If you’ve been keeping up with my VMware View 5 Install Series then you noticed that in the last part (Setting up the ODBC Connection for View 5) I ran into some issues when trying to create the ODBC connection to my brand new install of Microsoft SQL 2008 R2 SP1. For someone (me) that has really never messed with databases troubleshooting issues can be really frustrating !! Once again, Twitter came to my rescue. The first thing I did was to send out a quick tweet and was overwhelmed with the amount of GREAT responses on how to fix my issue. What was really nice was Jase McCarty fellow vSpecialist over in Louisiana rang my cell phone. I might want to point out that this was at 10:30ish PM and he had a 4am “wake up/go to the airport” schedule the next day !! The great news was he was able to point me in the right direction in less then 5 minutes. I can’t thank him enough for his assistance!
Apparently doing a “next/next/next” install of SQL 2008 R2 requires you to go back and make a couple of changes. I thought I would give you a couple of screen shots of what I needed to do to make the ODBC connection work correctly.
There are 3 parts to this troubleshooting.
- First is enabling SQL to listen on the IP addresses assigned to the server. By default these are set to “disable”. So I take you through how to enable these.
- Second is around enabling SQL Server to accept “Mix Mode” authentication. This means it will take domain ID’s as well as local SQL accounts created on the SQL server. This is required for View 5.
- Third is an all around shotgun blast to solving any sort of firewall issue that might be blocking the remote connections. I like to refer to it as “scorched earth” approach.
Enabling SQL TCP/IP Connections
1. RDP into your new Windows 2008 SQL 2008 R2 SP1 machine and then click on: Start – Programs – Microsoft SQL Server 2008 R2 – Configuration Tools – SQL Server Configuration Manager.
2. Click on SQL Server Network Configuration – Protocols for <YourDabase Name>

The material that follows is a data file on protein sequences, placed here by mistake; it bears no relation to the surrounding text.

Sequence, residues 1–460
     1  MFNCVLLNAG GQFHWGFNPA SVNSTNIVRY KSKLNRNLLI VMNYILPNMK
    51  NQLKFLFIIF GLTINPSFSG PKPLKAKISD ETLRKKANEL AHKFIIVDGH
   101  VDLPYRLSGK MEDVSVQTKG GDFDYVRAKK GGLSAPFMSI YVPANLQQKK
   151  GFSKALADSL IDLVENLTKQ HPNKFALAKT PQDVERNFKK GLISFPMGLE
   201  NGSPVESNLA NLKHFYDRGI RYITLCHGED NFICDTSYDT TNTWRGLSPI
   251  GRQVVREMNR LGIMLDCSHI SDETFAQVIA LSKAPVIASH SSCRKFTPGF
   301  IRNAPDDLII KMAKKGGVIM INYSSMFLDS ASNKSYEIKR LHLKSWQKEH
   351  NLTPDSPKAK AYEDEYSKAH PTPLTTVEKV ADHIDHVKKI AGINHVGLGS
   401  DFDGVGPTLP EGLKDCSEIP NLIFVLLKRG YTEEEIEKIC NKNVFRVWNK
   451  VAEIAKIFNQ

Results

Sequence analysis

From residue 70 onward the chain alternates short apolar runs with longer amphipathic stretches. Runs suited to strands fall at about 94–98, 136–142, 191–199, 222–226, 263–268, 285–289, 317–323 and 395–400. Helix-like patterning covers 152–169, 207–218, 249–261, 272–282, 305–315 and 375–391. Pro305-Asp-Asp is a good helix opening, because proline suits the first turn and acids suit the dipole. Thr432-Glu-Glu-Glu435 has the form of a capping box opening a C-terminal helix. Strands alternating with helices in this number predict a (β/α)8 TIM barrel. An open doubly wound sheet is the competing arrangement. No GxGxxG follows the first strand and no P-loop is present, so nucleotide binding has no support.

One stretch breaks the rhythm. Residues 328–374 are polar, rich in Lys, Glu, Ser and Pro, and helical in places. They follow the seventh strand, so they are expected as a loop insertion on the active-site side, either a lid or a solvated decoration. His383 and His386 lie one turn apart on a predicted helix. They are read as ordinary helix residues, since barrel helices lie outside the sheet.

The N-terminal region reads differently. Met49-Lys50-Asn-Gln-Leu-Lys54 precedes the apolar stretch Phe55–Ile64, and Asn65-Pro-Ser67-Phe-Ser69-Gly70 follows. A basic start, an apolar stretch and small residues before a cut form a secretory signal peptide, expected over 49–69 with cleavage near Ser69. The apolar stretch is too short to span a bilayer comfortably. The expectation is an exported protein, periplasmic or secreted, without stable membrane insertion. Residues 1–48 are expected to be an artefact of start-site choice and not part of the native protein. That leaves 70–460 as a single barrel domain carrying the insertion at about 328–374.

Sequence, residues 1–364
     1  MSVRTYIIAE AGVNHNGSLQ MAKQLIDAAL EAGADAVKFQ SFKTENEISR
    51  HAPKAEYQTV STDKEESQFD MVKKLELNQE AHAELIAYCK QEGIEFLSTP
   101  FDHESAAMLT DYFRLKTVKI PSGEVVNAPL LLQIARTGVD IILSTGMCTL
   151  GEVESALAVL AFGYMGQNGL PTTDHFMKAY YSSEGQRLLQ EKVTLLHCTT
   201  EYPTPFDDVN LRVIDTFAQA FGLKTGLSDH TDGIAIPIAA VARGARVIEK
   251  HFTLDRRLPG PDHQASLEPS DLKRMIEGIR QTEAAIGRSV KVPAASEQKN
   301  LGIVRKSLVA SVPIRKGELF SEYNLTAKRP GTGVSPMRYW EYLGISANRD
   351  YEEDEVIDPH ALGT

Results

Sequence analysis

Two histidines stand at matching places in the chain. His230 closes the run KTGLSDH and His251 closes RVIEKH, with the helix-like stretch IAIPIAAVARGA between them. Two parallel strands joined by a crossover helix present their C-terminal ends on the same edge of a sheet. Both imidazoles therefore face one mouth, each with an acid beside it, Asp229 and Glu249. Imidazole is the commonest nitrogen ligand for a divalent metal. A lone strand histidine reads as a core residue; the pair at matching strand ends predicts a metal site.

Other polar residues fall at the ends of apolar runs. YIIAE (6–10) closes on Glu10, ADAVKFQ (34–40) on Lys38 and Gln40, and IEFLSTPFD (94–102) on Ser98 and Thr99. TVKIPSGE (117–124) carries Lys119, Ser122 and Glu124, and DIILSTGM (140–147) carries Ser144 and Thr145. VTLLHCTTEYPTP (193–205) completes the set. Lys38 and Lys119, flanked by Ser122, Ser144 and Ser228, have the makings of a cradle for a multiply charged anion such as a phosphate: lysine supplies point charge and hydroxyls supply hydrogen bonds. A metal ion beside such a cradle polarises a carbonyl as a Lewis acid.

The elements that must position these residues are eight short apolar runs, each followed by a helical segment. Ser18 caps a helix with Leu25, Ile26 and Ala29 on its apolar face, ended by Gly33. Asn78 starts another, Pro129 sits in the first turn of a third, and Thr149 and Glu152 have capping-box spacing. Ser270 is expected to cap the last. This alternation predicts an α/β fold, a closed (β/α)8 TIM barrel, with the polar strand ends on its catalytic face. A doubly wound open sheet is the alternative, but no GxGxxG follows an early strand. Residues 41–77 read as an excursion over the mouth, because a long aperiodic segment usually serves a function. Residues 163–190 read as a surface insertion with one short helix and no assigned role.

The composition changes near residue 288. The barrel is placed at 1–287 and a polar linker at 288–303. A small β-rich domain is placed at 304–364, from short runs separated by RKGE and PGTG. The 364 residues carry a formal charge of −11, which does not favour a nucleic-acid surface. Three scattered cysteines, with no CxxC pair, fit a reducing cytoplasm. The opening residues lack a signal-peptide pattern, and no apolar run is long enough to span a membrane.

3. First, make sure it’s set to enable. Then right click on it and click on IP addresses.
4. Let me also point out, cause I made this “face palm mistake”, make sure you simply don’t enable the IP1 choice and then call it good. Especially if you run IPV6 because IP1 is the IPV6 choice, which is great, but I’m running IPV4 and totally missed enabling IP2 so I spent a little more time troubleshooting until I realized I forgot to enable it on the IP address I wanted to you. Jase suggests just enabling it on all the IP spots.
5. Once you are done with that, it will prompt you to restart your Database.
6 The easiest way to restart is to just click on SQL Server Services, right click on SQL Server and hit restart. This is listed in the same window you used to enable the IP stuff.
Enabling Mix-Mode authentication on your SQL Database.
The next thing you need to to do is change the default install from “Windows Authentication Only Mode” to what is referred to as a Mix Mode or SQL Server AND Windows Authentication Mode. This is once again because View requires the DB to have a local authenticated SQL user and not a domain one.
1. To do this you need to go to: Start – Programs – Microsoft SQL Server 2008 R2 – SQL Server Management Studio
2. Go ahead and just log into your database:
3. Then right click on the root SQL Database you have and right click on Properties towards the bottom:
4. Once that opens, then click on Security and then click on “SQL Server and Windows Authentication Mode” and then restart the DB. Go back to #6 if you don’t remember how to do that.
Scorched Earth/Shotgun troubleshooting Firewall issues.
The only other thing I did, and I really need to go back and turn it back on is I disabled the firewall for SQL Server. It’s probably not that big of a deal since this is my home lab, behind a firewall already but just to eliminate that as an issue I need to do it. If you need to do this to make it work, here is a quick HOWTO:
1. On the SQL Server just go to Start-Run and type “Firewall” and the first option should be “Windows Firewall with Advanced Security” – click on that.
2. Then click on “Windows Firewall Properties”
3. From the “Firewall State” dropdown menu, select OFF
That pretty much covers all the changes I needed to make to get the VMware View 5 ODBC connection to work inside VMware vCenter 5. I’m a Database noob so more then likely not many people will run into this. If you did, hook a brother up and leave a comment below 🙂